19.08.2019 6:36

Trump is expected to visit Denmark in September as part of a trip to Europe.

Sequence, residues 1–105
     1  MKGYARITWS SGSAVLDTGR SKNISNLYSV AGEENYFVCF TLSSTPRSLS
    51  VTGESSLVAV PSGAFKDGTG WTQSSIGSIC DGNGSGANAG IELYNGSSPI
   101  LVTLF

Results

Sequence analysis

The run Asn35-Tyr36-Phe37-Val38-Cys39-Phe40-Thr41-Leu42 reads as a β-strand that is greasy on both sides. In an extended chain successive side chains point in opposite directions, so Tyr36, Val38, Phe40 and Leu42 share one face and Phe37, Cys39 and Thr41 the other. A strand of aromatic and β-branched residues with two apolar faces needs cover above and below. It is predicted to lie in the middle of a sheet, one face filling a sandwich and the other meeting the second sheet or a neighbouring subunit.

Feeding the future: Fixing the world's faulty food system

19.08.2019 5:22